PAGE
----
New OIE report reveals very high levels of farm antibiotic use in Asia, Far East and Oceania

A new report [1] by the World Organization for Animal Health has revealed that in Asia, the Far East and Oceania, farm antibiotic sales per livestock unit are nearly four times higher than in Europe. Sales in the Americas were 25% higher than in Europe, whereas in Africa they were 40% lower than in Europe.

Cóilín Nunan of the Alliance to Save Our Antibiotics said: “These OIE statistics are only very rough continent-wide estimates and probably hide far greater differences at the country level. Unfortunately the OIE refuses to publish country-level data, which would expose the true levels of overuse.

The European Medicines Agency does publish data by country [2], so we know that the highest European users, Cyprus and Spain, are using 70 to 100 times more antibiotics per livestock unit than the lowest users, Iceland and Norway. Worldwide differences in usage are probably even larger than this, suggesting huge levels of overuse in some countries. As meat is traded globally, this is relevant to consumers in the UK.”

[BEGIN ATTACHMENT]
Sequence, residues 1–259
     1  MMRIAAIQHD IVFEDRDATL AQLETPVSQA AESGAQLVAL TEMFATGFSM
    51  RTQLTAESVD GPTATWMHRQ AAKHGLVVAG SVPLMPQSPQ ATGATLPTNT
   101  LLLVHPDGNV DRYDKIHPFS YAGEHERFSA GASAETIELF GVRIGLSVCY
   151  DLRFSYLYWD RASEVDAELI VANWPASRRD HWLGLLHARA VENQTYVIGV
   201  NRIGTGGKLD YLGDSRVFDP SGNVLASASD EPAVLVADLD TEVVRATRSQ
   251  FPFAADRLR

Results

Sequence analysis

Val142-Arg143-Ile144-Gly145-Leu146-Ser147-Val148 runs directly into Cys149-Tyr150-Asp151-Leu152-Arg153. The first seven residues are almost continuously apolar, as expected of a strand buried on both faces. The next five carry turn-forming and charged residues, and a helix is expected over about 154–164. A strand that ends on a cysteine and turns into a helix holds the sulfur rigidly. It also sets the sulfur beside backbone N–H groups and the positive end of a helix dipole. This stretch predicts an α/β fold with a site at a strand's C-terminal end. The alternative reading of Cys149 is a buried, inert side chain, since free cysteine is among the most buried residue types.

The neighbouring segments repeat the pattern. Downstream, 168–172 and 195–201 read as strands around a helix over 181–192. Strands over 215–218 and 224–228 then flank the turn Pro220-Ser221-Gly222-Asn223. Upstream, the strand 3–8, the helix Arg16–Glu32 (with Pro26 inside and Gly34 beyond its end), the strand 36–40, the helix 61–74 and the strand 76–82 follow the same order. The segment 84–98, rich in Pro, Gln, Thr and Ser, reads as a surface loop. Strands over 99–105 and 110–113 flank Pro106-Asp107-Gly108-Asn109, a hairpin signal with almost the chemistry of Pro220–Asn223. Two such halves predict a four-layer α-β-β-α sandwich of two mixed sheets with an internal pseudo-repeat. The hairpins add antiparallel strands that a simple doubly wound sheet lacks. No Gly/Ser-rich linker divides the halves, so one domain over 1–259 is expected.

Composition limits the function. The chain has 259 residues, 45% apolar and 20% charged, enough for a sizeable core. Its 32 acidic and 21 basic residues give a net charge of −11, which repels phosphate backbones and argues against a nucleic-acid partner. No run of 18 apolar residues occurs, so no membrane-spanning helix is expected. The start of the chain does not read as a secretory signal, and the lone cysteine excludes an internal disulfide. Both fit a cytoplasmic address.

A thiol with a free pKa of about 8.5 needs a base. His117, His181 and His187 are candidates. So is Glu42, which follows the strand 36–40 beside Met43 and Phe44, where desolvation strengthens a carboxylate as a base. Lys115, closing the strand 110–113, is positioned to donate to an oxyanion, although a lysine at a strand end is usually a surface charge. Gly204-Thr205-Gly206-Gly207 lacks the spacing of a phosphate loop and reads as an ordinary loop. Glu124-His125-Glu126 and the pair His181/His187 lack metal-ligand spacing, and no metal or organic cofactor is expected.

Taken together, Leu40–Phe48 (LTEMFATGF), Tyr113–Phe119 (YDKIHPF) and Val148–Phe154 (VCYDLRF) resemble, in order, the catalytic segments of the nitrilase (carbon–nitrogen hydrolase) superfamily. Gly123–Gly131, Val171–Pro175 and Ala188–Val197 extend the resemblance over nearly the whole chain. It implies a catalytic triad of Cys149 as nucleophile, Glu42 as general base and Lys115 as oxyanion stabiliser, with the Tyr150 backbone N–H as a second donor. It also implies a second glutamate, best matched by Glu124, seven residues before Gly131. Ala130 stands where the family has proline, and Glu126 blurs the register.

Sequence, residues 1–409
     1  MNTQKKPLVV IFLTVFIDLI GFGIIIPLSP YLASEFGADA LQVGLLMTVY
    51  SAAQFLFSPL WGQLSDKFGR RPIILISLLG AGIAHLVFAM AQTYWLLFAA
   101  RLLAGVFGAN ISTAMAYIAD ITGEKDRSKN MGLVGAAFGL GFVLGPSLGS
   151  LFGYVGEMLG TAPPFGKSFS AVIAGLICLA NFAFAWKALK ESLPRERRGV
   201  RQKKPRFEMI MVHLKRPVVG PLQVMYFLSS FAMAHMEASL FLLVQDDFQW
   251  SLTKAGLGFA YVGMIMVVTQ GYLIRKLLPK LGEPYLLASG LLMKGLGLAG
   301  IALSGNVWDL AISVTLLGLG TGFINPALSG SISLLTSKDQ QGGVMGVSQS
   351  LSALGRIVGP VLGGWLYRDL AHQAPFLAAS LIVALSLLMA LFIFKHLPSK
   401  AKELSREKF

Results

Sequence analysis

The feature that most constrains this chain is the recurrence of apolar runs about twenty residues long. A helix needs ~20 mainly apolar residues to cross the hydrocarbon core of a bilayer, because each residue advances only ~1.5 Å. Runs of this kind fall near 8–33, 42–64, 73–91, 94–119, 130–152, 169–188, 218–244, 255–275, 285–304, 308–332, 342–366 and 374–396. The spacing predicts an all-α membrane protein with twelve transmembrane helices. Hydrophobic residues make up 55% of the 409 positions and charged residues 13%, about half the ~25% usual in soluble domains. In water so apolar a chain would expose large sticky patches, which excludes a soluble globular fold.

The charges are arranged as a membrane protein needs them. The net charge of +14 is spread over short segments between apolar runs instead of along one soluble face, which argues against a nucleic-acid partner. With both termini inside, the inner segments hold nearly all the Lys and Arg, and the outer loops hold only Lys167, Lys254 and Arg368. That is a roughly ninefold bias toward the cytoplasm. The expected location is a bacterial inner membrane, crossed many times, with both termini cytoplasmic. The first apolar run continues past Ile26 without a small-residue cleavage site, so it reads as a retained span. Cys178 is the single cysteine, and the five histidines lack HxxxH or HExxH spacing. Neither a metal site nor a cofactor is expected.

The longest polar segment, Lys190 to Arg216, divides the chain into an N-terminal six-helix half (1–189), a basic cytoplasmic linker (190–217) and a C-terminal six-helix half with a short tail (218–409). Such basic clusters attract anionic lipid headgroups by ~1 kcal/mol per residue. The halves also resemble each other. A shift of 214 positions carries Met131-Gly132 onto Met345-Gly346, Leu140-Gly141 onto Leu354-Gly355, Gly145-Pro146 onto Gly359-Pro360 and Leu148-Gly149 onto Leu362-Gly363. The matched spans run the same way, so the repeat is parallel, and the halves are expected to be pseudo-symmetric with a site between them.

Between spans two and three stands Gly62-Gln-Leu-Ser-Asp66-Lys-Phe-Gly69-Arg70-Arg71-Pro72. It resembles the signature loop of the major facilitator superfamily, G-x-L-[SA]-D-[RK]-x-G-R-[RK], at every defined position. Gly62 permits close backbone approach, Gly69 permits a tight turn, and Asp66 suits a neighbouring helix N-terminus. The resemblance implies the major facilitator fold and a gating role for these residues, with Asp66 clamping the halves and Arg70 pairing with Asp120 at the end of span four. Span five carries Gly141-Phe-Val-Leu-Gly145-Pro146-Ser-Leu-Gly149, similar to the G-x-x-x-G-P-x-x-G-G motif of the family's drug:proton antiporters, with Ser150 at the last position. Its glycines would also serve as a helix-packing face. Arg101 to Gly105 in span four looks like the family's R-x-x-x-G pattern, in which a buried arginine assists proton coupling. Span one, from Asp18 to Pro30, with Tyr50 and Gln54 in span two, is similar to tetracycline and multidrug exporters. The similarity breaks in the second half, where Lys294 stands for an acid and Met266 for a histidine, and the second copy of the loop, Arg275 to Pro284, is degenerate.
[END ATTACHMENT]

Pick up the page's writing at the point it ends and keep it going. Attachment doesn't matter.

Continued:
The OIE report also showed that 45 countries, mainly in the Americas, Asia, the Far East, Oceania and Africa, still permit antibiotics to be used as growth promoters. In total, 110 countries did not use antibiotics as growth promoters.

The European Union banned growth promotion in 2006, and in January 2022 it will become the first major bloc of countries to also ban preventative use in groups of animals [3].

Nunan said: “Unfortunately, the British government is refusing to commit to implementing the European ban on preventative mass medication, preferring to rely on voluntary industry action. The government also wants to agree new trade deals with countries like the United States and China that use far higher quantities of antibiotics per animal than the UK. If these trade deals set low minimum regulatory standards, they may end up undermining the progress that British farmers have made in reducing their antibiotic use.”

Notes to Editors